OFC Member Associations are among the 200-plus countries across the globe to have signed up for FIFA’s first-ever Talent Development Programme, setting a new benchmark for initiatives created by world football’s governing body in the area.
Launched in January by FIFA’s Chief of Global Football Development Arsène Wenger, the programme aims to provide Member Associations with a thorough analysis of their high‑performance ecosystem in both men’s and women’s football, including all national teams, domestic leagues, scouting projects and academies, in order to ensure that every talented player gets a chance to reach their potential.
“The whole world has signed up for the FIFA Talent Development Programme. We are very proud of the high number of participants and the trust that all Member Associations have given us. With trust comes responsibility, though: we have to be swift, helpful, knowledgeable and efficient,” Wenger said.
“The success of the programme will be based on good communication and a precise analysis of the needs of every Member Association so that we can deliver a report and provide tailor‑made support. We also want to create opportunities, for example through best practice models, in which Member Associations can learn from each other and have the possibility to think outside of the box and their own environment.”
Tahiti’s Technical Director Patrice Flaccadori is among many other participants including the current men’s and women’s world champions, France and the USA respectively, as well as Member Associations that have never qualified for a FIFA tournament.
“This programme is extremely important for the Tahitian Football Association because it will help bring greater professionalism to our members,” he said.
“Given our particular situation (geographical location, demographics, level of development, and so on), our association needs to assess all of its programmes every year, especially the way our elite performance programmes are organised.
“The various questionnaires being provided will enable us to see where things stand and to measure the gap between the initial situation, the objectives identified and the end result.
“They will also help trigger ideas and new lines of thinking on how to develop structures, such as the importance of drawing up a development plan, of monitoring players using longitudinal data, of organising delegations (mission sheets), of planning and/or scheduling, etc.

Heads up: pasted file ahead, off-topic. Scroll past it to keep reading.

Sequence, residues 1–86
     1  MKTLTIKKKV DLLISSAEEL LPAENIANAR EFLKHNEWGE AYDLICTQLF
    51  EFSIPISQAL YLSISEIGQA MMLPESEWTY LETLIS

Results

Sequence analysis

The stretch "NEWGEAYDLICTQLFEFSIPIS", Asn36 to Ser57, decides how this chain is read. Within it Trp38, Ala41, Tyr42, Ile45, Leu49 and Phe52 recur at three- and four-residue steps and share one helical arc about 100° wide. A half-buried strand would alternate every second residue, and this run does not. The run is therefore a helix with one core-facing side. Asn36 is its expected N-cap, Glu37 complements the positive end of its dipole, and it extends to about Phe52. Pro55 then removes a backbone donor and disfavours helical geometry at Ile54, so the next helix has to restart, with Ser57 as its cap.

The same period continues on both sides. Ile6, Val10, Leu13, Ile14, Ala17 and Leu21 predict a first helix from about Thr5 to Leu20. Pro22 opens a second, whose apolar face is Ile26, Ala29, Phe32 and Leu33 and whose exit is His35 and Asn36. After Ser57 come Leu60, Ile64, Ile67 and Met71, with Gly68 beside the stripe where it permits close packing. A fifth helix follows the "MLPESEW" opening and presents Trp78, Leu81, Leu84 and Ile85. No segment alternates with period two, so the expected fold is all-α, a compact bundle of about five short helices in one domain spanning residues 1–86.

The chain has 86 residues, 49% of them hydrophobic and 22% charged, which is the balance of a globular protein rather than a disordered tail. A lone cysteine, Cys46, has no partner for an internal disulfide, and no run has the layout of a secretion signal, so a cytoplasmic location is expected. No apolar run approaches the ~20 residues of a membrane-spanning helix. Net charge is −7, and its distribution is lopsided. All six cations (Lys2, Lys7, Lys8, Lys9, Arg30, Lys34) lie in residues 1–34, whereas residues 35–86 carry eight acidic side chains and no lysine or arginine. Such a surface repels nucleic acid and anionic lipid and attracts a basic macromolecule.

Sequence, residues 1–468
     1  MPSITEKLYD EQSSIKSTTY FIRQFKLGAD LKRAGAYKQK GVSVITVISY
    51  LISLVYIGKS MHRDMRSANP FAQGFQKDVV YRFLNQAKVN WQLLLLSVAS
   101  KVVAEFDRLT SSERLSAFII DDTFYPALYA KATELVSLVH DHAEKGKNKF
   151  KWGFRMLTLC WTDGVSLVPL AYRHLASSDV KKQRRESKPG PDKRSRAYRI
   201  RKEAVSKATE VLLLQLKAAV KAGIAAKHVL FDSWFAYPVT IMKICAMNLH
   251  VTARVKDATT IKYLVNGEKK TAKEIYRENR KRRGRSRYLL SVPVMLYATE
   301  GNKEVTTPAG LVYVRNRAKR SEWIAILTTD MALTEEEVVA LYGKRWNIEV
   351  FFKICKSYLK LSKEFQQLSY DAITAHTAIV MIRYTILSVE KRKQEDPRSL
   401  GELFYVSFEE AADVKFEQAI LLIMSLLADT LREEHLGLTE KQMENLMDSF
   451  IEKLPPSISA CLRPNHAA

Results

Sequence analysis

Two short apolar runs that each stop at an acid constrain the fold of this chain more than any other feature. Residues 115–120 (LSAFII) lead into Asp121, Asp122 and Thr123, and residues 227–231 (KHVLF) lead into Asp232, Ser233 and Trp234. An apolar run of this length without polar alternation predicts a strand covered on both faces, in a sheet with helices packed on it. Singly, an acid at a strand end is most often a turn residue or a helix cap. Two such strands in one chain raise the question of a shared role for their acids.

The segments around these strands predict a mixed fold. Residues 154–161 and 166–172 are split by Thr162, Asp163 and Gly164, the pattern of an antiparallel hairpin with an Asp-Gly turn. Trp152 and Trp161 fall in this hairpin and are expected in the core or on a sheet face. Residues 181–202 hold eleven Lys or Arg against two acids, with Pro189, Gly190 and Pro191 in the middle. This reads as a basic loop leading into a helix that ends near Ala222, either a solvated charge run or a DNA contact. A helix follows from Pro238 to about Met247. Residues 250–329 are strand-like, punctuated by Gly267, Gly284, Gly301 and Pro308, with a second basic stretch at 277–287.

“To sum up, the programme is relevant because it will help us from a structural point of view.”
As health remains the main priority in light of the COVID-19 pandemic, online tools are set to play a key role in the implementation of the Talent Development Programme.
A group of 30 FIFA experts, including former USA women’s national team coach April Heinrichs, ex-England manager Steve McClaren and former Premier League Director of Football Development Ged Roddy, have been replacing their on-site visits with remote assessments and – based on online surveys and interviews – will produce a report for each of the Member Associations, thus mapping their technical ecosystems.
“Thanks to technology, football can stay united despite the distance. We have received positive feedback from the Member Associations, as they are eager to start. Football has a huge educational responsibility,” Wenger said.
“The FIFA Talent Development Programme is aimed at giving a chance to every child in the world who wants to play football and help him or her to improve and experience positive emotions. I hope the programme can help children to become top-level players, or if not, at least give them the opportunity to follow their dreams and play the game that they love.”
In 2021, FIFA will focus on the implementation of tailor-made technical programmes for each Member Association with a view to tackling potential challenges and maximising the comparative advantages that each association possesses.
Courtesy of FIFA